Electron microscopy

For freeze fracture, cells fixed for 30 min with 3 % glutaraldehyde were washed and infiltrated with 25 % glycerol in Hanks’ BSS. Samples were rapidly frozen in freshly melted Freon 22 and fractured at— 110 °C in a Denton freeze-fracture device. Platinum carbon replicas were cleaned in 5 % sodium hypochlorite, washed in distilled water and examined in a Siemens tot electron microscope. In freeze-fracture illustrations the encircled arrowhead indicates the direction of shadow.

For thin sections cells were fixed for 1 h with 3 % glutaraldehyde in 0·1 M cacodylate buffer pH 7-4, postfixed 2 h with i % buffered osmium tetroxide and block stained overnight in 2 % aqueous uranyl acetate. Specimens were dehydrated through graded ethanol and propylene oxide solutions and embedded in Epon. Sections were cut with a diamond knife on a Tesla ultramicrotome and stained with uranyl acetate and lead prior to being examined.

At 4 °C, Sendai virus particles bind to the HeLa cell surface and at high cell and virus concentrations crosslinking of microvilli on adjacent cells by virus particles results in cell agglutination (Fig. 1). Because of the highly villated surface morphology of spherical suspension HeLa cells, fractures through agglutinated cells are complex. Fig. 1 shows the region of contact between two agglutinated cells both in oblique view (Fig. 1 A) and in cross fracture (Fig. 1 B). At the region of contact one sees, in addition to fractured virus particles, many round and elongated membrane profiles which represent cross- and obliquely-fractured microvilli. At low magnification (Fig. 1 A) it is difficult to distinguish between virus particles and microvilli but virus particles are readily distinguished at higher magnifications (Fig. 1 A, inset, and 1 B) by the presence of large ∼ 14-nm diameter intramembrane particles on E fracture faces (Fig. 1B, arrows) and large pits on P faces (Fig. 1 B, arrowheads). Viral envelope spikes can also be seen around the perimeter of many fractured virus particles (Fig. 1B, arrowheads). In contrast, HeLa cell plasma membrane intramembrane particles are only ∼8–9 nm in diameter. Following the interaction with virus at 4 °C both P and E HeLa cell plasma membrane fracture faces retain a random distribution of membrane particles typical of control cells.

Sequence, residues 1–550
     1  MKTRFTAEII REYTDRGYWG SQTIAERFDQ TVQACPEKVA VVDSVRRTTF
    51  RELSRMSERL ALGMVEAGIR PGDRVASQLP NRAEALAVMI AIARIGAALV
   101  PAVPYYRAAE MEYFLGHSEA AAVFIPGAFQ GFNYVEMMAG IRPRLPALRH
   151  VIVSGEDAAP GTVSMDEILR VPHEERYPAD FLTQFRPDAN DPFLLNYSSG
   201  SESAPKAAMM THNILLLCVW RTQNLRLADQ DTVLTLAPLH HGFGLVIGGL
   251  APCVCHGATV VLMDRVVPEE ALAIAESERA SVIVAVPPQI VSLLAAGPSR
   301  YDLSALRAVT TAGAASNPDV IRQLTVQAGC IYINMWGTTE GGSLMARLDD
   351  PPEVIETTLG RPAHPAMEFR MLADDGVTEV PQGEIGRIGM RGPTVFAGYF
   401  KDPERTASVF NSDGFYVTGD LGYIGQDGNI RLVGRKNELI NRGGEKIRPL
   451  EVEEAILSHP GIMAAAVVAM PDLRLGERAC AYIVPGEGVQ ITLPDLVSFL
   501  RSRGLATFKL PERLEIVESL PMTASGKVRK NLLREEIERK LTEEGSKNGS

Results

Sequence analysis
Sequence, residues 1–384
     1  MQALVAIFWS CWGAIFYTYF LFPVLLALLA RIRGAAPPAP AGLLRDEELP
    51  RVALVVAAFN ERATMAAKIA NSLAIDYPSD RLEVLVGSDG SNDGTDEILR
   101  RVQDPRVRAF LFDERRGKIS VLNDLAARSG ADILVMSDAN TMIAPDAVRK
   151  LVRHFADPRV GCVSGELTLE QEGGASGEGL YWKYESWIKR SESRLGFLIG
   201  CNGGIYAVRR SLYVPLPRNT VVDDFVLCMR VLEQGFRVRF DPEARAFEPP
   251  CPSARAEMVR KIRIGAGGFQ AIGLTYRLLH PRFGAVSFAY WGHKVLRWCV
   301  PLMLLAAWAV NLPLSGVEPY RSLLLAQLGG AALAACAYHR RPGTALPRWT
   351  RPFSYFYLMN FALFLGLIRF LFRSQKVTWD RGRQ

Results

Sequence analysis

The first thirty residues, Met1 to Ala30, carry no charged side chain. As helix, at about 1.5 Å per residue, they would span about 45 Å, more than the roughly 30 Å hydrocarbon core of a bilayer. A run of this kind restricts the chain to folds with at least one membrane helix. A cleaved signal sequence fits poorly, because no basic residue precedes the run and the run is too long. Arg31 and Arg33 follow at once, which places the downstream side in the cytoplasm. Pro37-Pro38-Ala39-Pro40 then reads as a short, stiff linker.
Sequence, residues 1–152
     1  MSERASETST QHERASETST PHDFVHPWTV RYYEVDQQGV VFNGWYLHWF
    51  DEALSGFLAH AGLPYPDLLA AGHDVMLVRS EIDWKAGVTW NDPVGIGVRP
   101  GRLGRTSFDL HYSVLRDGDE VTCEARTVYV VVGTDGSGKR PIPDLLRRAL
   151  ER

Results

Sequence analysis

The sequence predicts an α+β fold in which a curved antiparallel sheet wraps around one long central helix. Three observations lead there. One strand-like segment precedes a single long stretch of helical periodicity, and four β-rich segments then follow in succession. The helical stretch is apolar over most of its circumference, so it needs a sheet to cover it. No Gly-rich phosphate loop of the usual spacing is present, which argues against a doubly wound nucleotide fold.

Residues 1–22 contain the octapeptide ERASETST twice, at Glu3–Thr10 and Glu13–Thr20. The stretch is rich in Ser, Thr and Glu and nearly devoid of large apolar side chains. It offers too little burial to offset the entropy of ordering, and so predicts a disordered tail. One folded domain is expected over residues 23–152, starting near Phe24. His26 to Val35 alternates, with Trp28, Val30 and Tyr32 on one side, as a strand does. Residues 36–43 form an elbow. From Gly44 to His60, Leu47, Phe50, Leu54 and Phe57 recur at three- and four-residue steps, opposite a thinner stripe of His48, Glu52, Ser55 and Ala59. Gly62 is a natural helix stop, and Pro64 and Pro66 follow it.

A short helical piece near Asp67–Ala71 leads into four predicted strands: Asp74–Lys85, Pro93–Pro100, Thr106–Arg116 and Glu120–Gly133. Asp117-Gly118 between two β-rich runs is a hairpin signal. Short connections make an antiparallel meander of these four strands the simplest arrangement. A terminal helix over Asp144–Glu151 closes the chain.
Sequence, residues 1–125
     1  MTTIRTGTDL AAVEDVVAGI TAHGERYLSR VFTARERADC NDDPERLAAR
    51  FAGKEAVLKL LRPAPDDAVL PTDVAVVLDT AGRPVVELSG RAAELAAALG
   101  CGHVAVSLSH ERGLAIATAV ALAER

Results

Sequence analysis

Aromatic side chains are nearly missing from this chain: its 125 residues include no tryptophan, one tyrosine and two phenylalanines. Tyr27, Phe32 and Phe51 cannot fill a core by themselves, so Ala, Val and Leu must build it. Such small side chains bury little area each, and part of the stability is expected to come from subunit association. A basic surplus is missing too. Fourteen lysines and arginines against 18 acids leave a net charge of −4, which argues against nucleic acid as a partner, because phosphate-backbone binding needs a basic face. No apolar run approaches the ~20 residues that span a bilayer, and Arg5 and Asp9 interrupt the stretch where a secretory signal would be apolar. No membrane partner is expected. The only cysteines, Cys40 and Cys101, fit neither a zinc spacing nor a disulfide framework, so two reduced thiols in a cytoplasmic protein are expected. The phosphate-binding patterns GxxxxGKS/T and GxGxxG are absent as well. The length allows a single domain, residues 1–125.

Fig. 1.

Freeze-fracture replicas showing oblique (A) and cross-fractured (B) views through HeLa cells agglutinated with Sendai virus at 4 °C. The highly villated morphology of suspension HeLa cells results in many cross- and obliquely-fractured microvilli (mv) in addition to plasma membrane (P, E) fracture faces. Cell agglutination results from the crosslinking by virus particles (arrows, arrowheads) of microvilli on adjacent cells (1A, inset, 1B). A, × 21000; inset, × 42500; B, × 36000.

Fig. 1.

Freeze-fracture replicas showing oblique (A) and cross-fractured (B) views through HeLa cells agglutinated with Sendai virus at 4 °C. The highly villated morphology of suspension HeLa cells results in many cross- and obliquely-fractured microvilli (mv) in addition to plasma membrane (P, E) fracture faces. Cell agglutination results from the crosslinking by virus particles (arrows, arrowheads) of microvilli on adjacent cells (1A, inset, 1B). A, × 21000; inset, × 42500; B, × 36000.

Warming an agglutinated cell suspension to 37 °C results, after about 2 min, in a change in the morphology of most virus particles. Virus particles generate linear invaginations of the viral envelope which are characterized in freeze-fracture replicas by smooth linear ridges on E faces (Fig. 2 A,B) and complementary grooves on P faces. Changes also involve loss of the ∼ 14-nm E face intramembrane particles and the appearance of smaller ∼8-9-nm diameter particles on both P and E faces. Such ‘altered’ virus particles fuse with the plasma membrane. Fig. 2C, D show virus particles at early and late stages during fusion with the plasma membrane while Fig. 2E, F show face views of virus particles which have fused and become incorporated into the HeLa cell plasma membrane. The localized arrays of smooth E face linear ridges and P face grooves reveal the sites of viral envelope-cell fusion. The structural changes of the viral envelope and mechanism of virus-cell fusion are identical to those observed during the Sendai virus-induced fusion of human erythrocytes (Knutton, 1977) and will not be described in further detail here.